Application of Social Network Analysis Methods to Quantitatively Assess Exercise Coordination

By Su, Yee San | Homeland Security Affairs, January 1, 2011 | Go to article overview

Application of Social Network Analysis Methods to Quantitatively Assess Exercise Coordination


Su, Yee San, Homeland Security Affairs


Introduction

Coordination, or lack thereof, has been identified as a key bottleneck in effective management of disasters such as Hurricane Katrina.1 Large-scale events frequently demand more complex forms of organization, larger quantities of resources, and access to specialized equipment and personnel under conditions of decreased situational awareness.2 As a result, the challenge of establishing effective coordination may increase nonlinearly with respect to increases in various event scales (e.g., size, severity). Unfortunately, quantitative metrics for measuring coordination performance do not yet exist. Assessments of coordination performance ? such as those found in after-action reports ? are still predominantly anecdotal. Development of quantitative metrics to characterize coordination would allow for a more robust method of measuring response coordination progress and facilitate our understanding of how coordination is negatively affected by event scales.

Social network analysis is a possible means to obtain meaningful, quantitative metrics. Recent years have seen an increase in the application of social network analysis concepts to homeland security. For example, Naim Kapucu cast the evolution of national response frameworks as a series of network graphs.3 Moreover, researchers have studied coordination and emergent player roles for events such as Hurricane Katrina and 9/11.4 Meanwhile, social network analysis has also seen the development of a variety of new quantitative methods to characterize networks.

To this end, two possible techniques are proposed to generate quantitative measures of coordination: (1) a centrality measure introduced by Stephen Borgatti to address what he called the negative variation of the Key Player Problem (KPP-Negative);5 and (2) a technique for detecting community structure developed in a series of papers by Girvan and Newman.6 Borgatti's technique is used to identify key coordinating agencies and could potentially be used to chart the development of emergency operations centers (EOCs), as well as provide an outcome value for statistical analysis.7 Meanwhile, community sub-group examination via Girvan and Newman's technique could be used to identify potential information stove-piping. The underlying basis and reasons for selecting these techniques are discussed in the Data and Approach section.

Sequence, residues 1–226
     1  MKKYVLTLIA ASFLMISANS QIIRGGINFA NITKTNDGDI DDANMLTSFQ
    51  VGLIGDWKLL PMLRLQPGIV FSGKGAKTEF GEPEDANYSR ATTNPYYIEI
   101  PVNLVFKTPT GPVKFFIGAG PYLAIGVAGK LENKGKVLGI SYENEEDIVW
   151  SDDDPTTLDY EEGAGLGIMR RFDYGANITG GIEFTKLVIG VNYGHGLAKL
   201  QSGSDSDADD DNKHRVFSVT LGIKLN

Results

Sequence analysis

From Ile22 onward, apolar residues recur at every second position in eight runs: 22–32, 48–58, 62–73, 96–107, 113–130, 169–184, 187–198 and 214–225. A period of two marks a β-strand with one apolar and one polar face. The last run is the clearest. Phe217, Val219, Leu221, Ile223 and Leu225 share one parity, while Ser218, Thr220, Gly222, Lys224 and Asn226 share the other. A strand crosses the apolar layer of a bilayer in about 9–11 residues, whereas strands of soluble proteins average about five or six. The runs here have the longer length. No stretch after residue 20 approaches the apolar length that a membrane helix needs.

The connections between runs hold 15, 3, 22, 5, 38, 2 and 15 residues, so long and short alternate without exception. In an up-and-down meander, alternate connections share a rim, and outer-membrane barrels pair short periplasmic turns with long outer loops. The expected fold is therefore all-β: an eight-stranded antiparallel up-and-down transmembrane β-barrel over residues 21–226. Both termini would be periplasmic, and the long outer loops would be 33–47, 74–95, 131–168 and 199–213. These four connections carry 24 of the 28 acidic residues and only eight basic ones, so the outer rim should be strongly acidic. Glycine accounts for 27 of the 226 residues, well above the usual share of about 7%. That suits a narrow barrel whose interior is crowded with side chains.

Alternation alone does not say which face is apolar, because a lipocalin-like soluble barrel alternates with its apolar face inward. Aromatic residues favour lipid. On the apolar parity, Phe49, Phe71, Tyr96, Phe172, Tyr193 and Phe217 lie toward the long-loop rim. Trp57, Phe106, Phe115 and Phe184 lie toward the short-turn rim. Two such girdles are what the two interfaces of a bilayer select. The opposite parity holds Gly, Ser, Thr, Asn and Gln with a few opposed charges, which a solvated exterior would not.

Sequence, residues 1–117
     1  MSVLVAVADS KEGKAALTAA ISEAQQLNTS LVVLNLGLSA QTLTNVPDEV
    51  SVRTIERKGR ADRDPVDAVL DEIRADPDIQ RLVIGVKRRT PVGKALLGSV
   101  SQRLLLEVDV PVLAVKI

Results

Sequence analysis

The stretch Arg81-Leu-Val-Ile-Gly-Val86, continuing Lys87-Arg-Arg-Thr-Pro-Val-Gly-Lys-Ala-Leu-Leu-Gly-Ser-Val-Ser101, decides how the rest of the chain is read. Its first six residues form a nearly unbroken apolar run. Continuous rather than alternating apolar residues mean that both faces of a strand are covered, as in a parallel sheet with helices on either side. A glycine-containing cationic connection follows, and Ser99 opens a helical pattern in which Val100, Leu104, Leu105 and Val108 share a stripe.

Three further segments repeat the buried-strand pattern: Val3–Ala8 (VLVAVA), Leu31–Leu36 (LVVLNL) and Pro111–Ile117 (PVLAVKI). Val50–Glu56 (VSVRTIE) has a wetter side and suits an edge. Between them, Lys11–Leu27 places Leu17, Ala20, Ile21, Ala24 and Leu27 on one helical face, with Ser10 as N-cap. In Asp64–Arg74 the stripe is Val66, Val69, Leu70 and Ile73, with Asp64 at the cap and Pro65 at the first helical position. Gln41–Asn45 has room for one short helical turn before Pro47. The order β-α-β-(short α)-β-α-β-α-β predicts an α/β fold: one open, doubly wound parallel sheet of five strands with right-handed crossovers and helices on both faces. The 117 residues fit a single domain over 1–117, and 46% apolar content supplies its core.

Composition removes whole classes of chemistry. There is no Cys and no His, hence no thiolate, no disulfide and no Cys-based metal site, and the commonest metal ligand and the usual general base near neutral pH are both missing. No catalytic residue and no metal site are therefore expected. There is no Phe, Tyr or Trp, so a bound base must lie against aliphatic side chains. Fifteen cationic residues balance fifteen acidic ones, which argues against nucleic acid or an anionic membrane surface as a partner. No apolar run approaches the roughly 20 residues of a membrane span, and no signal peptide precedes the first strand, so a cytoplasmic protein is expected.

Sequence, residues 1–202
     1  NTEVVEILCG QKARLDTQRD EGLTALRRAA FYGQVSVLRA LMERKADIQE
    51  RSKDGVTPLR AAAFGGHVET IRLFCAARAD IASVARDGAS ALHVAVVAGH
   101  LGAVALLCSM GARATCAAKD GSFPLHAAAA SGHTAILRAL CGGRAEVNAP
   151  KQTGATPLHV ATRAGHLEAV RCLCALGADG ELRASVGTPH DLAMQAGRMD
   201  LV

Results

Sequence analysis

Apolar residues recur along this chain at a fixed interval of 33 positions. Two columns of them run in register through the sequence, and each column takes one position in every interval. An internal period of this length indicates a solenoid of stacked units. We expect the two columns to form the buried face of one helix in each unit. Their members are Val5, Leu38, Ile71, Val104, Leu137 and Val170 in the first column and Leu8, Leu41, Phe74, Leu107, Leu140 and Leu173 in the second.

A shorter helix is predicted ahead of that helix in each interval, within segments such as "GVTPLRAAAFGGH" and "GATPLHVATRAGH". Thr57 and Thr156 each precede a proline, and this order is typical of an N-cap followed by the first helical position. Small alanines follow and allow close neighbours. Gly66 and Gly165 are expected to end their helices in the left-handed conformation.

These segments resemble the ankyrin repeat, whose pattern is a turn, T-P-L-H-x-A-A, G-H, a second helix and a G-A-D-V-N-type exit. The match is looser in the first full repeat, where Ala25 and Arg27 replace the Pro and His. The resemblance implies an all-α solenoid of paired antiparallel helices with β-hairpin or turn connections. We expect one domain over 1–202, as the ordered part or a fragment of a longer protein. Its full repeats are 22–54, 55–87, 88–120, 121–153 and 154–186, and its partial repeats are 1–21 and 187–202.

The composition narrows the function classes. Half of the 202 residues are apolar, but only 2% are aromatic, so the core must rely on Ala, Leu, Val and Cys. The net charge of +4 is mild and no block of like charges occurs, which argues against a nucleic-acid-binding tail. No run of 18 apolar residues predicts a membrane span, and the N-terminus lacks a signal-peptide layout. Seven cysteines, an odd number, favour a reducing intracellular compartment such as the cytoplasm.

These approaches were applied in an analysis of evaluator logs from the Portland, Oregon site of the 2007 Top Officials 4 (TOPOFF 4) exercise. TOPOFF 4 provides a rare opportunity to examine coordination in the context of a large-scale, catastrophic event. Thus far, evaluator records from TOPOFF 4 have been used to support construction of various after-action reports.8 However, the notion was to explore whether additional insights on coordination could be obtained ? given the extensive database of communication-related information collected ? using the frequency of communication as a proxy for coordination effectiveness. While highlighting the potential of social network analysis, this article also points out the need for additional research and validation. Thus, it includes recommendations for improving data collection in future exercises.

Data And Approach

TOPOFF 4 Dataset

TOPOFF 4 is one of what are now designated Tier I National Level Exercises (NLE). Given the infrequent occurrence of catastrophes, few events involve the full spectrum of the response community (spanning vertically across all levels of government and geographically across regions, and involving both non-governmental organizations and the private sector). Tier I NLE provide a rare glimpse of how coordination fairs in a catastrophic context, including participation at local, county, state, and federal levels, as well as private sector and non-governmental organizations (NGO). Since the original TOPOFF in 2000, a primary goal has been "to improve the capability of government officials and agencies, both within the United States and abroad to provide an effective, coordinated, and strategic response to a terrorist attack. …

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